The Mirror Foundation NGO

Every child has the right to happiness and to grow up in a safe environment. Unfortunately, among the poor of northern Thailand, especially the hilltribes, this right is often not realized. The cities in northern Thailand are full of children who have left school as early as the fourth grade, to struggle earning money for their family. Worse yet, the extreme poverty of the region is fertile ground for those wishing to traffic women and children to wealthier areas of the country and the world.

You might not notice it at first - all the girls in the restaurant look like they might be the owner's daughters. That girl who is stocking groceries next to you might be just trying to make a little money after school.

And those girls hanging out in front of the nightclubs and massage parlors, even if they are...well, you know...they couldn't possibly be hilltribe girls, because the hilltribes have strong villages, right? Aren't the hilltribes firmly rooted in their traditional ways? Don't hilltribe families stay in the mountains protecting their children from the exploitation of the city?

Look again. See their slumped shoulders, their sad eyes, the heavy way in which they carry themselves, the look of self-consciousness whenever they speak Thai? The low-end labour jobs of Chiang Rai, Chiang Mai and other northern Thai cities are filled almost exclusively by hilltribe youth struggling to make about $35 per month to help support their family. And while that Akha girl who just served you your fried rice is far from lucky, she at least, probably, is safe and has a choice to go home if she wants. And that makes her much luckier than the many hilltribe women and children who are exploited, trafficked and will never see home again.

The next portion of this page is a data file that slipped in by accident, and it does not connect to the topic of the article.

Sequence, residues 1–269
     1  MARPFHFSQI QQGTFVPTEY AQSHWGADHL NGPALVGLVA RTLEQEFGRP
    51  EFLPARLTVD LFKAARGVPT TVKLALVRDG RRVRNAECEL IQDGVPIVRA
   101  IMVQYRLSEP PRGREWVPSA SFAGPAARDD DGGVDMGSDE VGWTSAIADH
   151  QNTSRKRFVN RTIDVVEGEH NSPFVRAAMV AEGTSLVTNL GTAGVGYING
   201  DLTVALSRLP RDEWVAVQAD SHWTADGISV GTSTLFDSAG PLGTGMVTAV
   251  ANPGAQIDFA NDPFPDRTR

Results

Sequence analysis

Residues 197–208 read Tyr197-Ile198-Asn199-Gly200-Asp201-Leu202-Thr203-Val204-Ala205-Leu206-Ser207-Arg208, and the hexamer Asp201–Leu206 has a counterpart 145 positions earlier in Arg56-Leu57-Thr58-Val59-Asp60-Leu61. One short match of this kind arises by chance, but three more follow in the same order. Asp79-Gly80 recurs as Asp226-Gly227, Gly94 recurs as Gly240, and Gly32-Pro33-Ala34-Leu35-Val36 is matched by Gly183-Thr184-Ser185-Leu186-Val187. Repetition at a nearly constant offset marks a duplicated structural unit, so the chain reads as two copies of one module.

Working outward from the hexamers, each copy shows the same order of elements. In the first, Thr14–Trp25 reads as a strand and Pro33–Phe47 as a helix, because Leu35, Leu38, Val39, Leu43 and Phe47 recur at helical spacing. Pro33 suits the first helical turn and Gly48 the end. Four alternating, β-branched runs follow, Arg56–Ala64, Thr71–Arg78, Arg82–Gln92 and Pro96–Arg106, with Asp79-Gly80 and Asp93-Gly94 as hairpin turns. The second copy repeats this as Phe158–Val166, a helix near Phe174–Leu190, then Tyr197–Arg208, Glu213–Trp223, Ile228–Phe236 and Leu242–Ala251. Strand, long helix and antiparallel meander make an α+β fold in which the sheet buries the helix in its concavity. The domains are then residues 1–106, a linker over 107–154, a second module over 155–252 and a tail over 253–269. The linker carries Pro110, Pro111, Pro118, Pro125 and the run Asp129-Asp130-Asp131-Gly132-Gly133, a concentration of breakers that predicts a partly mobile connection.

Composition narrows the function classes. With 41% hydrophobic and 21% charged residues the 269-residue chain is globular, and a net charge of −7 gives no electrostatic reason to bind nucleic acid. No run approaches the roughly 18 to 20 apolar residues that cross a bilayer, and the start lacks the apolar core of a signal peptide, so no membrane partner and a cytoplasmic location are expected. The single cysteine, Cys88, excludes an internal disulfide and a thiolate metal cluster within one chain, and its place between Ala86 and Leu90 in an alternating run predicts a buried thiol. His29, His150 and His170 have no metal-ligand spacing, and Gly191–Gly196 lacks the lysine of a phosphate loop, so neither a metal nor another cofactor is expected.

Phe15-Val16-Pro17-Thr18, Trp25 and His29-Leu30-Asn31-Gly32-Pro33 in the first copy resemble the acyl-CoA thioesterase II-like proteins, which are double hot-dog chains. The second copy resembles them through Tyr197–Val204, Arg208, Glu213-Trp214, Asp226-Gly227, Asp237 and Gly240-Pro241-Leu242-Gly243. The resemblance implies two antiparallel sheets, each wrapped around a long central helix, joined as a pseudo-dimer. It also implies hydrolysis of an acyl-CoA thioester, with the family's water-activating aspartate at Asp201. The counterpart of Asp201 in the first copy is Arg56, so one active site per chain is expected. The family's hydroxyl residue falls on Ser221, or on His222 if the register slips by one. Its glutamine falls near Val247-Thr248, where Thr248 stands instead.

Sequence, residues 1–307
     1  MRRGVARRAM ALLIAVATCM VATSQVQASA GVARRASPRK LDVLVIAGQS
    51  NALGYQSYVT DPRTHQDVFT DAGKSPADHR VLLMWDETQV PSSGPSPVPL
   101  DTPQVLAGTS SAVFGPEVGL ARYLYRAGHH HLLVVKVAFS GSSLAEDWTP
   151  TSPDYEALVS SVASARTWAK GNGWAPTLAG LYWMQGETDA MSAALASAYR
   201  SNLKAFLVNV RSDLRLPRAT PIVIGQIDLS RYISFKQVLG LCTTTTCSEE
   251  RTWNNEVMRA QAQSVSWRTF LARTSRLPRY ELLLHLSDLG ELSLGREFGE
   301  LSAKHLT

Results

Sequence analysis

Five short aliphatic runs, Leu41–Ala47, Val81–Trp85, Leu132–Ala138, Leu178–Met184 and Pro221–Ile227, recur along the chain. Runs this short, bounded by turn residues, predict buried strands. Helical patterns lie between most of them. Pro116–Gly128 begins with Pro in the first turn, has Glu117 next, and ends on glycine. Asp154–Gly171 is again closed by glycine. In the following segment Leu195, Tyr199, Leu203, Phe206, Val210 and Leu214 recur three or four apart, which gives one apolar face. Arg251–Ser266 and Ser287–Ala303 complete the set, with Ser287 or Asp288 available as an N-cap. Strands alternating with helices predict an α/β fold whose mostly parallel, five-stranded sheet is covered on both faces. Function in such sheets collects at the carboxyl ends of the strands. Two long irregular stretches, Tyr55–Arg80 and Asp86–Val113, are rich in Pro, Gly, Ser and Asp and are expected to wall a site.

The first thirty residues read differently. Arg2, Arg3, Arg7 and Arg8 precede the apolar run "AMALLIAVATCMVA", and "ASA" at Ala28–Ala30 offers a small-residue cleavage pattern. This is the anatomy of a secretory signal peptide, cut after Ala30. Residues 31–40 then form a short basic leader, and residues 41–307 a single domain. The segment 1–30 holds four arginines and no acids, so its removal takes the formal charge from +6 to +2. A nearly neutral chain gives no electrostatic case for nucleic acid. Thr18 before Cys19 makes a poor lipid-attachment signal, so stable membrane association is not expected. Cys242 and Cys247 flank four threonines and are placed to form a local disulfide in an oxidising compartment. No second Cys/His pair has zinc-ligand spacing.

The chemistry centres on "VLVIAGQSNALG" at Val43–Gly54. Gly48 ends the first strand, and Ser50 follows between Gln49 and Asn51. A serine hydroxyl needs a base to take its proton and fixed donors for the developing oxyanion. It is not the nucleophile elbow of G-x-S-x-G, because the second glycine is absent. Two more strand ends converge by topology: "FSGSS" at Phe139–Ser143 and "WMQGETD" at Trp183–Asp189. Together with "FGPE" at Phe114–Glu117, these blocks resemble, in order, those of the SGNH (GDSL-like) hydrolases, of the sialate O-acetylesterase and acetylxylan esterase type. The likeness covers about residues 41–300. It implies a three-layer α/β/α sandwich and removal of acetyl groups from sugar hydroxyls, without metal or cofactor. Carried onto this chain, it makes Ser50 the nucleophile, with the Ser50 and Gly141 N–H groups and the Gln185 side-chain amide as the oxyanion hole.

Yes, in traditional hilltribe villages, we would not see youth being trafficked or exploited. But, as the Thai government forced these migratory people to become stationary and to farm one piece of fatigued land; as interactions with the material culture of the city became more frequent, turning relative poverty into actual poverty; and as the lack of education, vocational skills, ability to speak Thai, opportunities, Thai citizenship, knowledge and awareness of the dangers of leaving the village converged, the former safe haven of the mountains has become the source of endless stream of innocent people unprepared to cope with the unjust situations they are thrown into.

Sweatshops and prostitution are the high-profile exploitation scenarios, but seemingly honest work can become instantly become dangerous without the naive young people in the middle having caught the subtle warning signs:

  • a young boy who has been loading and unloading trucks for ten hours is asked by his boss to carry a package to another store, relieved only to have a break from the heat and strenuous work, it doesn't occur to him that he is carrying narcotics
  • a fifteen-year-old girl waiting tables at midnight bar is too concerned with following her boss's orders to notice that some of the customers are becoming dangerously drunk.

Trafficking, forced and bonded labour, are still major problems which, until they are solved, will never be ignored by us.

Category: Project to Combat Trafficking in Women and Children

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